Ciao from Rome!
On my last travel weekend before final exams begin and papers are due, I planned a visit to Rome with one of my flat mates. So far I have traveled in England and Wales and visited Munich, Paris and Amsterdam. My scholarship to study with FIE was granted based on an essay I wrote about religious diversity. Since I have been here, I have explored mosques and temples, great cathedrals and local churches. In choosing Rome and the Vatican as my last destination, I am making a pilgrimage to the center of my own religion, Roman Catholicism. It’s my way of offering personal thanks for my safety and the opportunity of an exceptional academic experience.
We departed Gatwick Airport on a 2.5-hour flight to Rome’s Leonardo da Vinci Airport where we picked up ground transportation into the ancient city. Arriving late at night, we went straight to our Airbnb to check-in. Luckily restaurants in Rome stay open very late so once we dropped off our bags, we walked to a nearby restaurant for a relaxing evening meal. Then it was back to our accommodations to prepare for a full Saturday of exploring the city.
Having experienced the advantages of booking ahead, we arrived within the walls of Vatican City, a city-state fully contained within the city of Rome, and began our tour of the Vatican Museums and the Sistine Chapel. Being in this holy place during the Advent and Christmas season was a special and moving experience. The priceless works of art, the sheer size of St. Peter’s Basilica and the surprising intimacy of the chapel left me speechless. The crowds were immense, yet respectful as we made our way through the very foundation of the world’s largest religion.
Inside the Vatican, we decided to stop for lunch at a cafe and sit outside in the sun to people watch. I have discovered that you can learn a great deal about a culture by watching its people go by. In Rome, as in Paris, it is a mix of tourists and locals and perhaps no place in the world is more fashionable.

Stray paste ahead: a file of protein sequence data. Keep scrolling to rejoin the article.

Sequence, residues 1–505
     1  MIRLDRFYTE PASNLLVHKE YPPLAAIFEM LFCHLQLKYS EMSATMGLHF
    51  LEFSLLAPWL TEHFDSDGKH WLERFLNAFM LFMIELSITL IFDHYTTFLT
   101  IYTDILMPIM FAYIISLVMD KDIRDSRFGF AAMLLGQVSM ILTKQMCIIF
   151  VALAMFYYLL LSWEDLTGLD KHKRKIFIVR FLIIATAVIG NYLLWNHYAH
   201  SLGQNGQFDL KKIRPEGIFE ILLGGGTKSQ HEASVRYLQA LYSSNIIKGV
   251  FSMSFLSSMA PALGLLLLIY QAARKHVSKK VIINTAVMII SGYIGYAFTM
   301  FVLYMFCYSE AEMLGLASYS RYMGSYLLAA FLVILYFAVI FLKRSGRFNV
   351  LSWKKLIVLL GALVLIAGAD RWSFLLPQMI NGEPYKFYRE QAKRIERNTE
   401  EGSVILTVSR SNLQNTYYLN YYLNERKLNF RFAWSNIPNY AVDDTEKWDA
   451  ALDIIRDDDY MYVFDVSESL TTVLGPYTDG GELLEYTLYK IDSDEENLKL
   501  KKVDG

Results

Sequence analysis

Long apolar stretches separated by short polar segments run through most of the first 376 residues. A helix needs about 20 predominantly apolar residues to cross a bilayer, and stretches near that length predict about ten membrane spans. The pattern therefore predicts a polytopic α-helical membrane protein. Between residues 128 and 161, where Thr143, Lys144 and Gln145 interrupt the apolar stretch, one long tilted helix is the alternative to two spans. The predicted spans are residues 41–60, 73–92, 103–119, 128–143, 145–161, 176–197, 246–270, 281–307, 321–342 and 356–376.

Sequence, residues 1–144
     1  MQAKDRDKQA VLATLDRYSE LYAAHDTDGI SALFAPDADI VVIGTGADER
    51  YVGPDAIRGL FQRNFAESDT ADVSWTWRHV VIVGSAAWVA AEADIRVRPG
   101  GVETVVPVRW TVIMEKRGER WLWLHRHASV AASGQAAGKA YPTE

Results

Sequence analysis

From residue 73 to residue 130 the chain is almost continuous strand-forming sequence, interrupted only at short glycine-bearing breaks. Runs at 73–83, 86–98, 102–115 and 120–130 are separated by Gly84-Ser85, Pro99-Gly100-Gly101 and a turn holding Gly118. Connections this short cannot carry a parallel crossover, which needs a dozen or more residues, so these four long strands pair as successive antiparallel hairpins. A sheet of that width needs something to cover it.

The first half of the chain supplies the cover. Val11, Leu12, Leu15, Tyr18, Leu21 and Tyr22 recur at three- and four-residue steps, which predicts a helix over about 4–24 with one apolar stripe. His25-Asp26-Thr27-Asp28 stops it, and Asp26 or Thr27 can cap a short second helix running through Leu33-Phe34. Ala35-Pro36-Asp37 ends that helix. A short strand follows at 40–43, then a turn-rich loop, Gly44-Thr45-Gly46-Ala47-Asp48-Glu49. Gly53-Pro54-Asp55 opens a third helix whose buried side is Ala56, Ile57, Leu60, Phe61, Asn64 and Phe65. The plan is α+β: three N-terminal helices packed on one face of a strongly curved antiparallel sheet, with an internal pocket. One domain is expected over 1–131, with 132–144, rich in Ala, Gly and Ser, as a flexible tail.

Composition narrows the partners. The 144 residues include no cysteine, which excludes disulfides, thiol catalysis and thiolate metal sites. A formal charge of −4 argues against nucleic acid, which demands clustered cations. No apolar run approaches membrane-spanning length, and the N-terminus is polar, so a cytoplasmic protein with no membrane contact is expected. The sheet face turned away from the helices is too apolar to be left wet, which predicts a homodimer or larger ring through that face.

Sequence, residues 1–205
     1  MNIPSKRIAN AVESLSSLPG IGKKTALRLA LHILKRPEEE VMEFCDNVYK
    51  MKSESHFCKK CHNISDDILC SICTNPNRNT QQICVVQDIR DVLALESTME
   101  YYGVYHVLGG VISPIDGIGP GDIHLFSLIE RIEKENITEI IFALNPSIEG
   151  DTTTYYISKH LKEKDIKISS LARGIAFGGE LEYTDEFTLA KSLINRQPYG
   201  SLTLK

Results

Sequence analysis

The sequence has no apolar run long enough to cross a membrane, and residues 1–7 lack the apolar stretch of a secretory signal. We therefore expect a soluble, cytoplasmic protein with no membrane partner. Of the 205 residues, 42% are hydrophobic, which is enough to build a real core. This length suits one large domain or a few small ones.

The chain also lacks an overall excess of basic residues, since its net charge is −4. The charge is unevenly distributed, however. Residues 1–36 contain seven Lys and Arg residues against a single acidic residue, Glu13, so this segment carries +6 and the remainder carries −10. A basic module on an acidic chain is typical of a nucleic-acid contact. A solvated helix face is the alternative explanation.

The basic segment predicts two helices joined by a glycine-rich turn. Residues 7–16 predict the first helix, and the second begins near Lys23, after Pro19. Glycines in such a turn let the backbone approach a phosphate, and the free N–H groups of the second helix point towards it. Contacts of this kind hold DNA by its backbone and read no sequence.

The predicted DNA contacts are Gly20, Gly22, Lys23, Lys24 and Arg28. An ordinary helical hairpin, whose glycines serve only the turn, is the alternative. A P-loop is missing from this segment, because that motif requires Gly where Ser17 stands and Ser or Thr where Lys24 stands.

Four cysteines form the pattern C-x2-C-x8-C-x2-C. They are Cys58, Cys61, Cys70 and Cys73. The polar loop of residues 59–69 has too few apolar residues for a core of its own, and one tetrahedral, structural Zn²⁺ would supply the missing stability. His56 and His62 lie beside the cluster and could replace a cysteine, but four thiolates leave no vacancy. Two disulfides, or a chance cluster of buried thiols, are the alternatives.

After the Vatican, we had some time to explore more of Rome so we headed to the Pantheon, an ancient Roman temple that is now a church and regarded as the best-preserved building of ancient Rome. Just by walking around, it is possible to take in the architectural sights that include fountains, statues, and historic buildings and of course, churches. There are over 900 churches in Rome and most are Roman Catholic. The Tiber River flows through Rome and with it are wonderful old bridges that add to the spectacular scenery.
Of course, no visit would be complete without a visit to the Trevi Fountain. By tossing a coin into the water, legend says you will return to the eternal city, so named because ancient Romans believed that no matter what happened in the world and how many empires fell, Rome would live forever.
Then we decided to make our way to the Spanish Steps for the ultimate destination in people watching. The Roman Baroque style of the Scalina Spagna connects the lower Piazza di Spagna, once the home to the Spanish Embassy to the Holy See, with the Triniti dei Monti and its twin church spires. The design of the steps, a mix of curves, straight flights, and terraces with striking vistas has drawn people for almost three hundred years. It has always been a popular place for artists, painters and poets who found it’s setting inspirational. In turn, the artists’ presence has attracted beautiful women aspiring to become models and their presence has attracted rich Romans and travelers. And now, the steps are crowded with people from all kinds of backgrounds. So the tradition of the Spanish Steps as a meeting place continues. After a full day of sightseeing we chose to relax the Roman way, with dinner in one of the open piazzas that was beautifully decorated for the holiday season.
The next day was spent in a most contrasting location, the Roman Colosseum. Located in the very heart of Rome and known as the Flavian Amphitheatre, it is the largest ever built, and opened in 80AD. To further the contrast from our holy visit the day before, the Colosseum honored Roman gods with various statues and was known as a location of sport and blood lust for gladiator battles that pitted Christian slaves against each other or wild and exotic animals, fighting to the death. There were parades, executions, acrobats, music, and dancing all staged for the entertainment of wealthy Romans. Today of course, this is an iconic reminder of the past and has survived fire, earthquake and dismantlement for its stonework to remain as an architectural and engineering marvel. We rounded out our trip with a stop at the Forum and Palatine Hill. This former outdoor market became the center of ancient Roman government and today is a carefully excavated site of those ruins.
A quick bus ride to the train station and a flight out of Rome had us back in London and ready for our final week with FIE.
Until next time,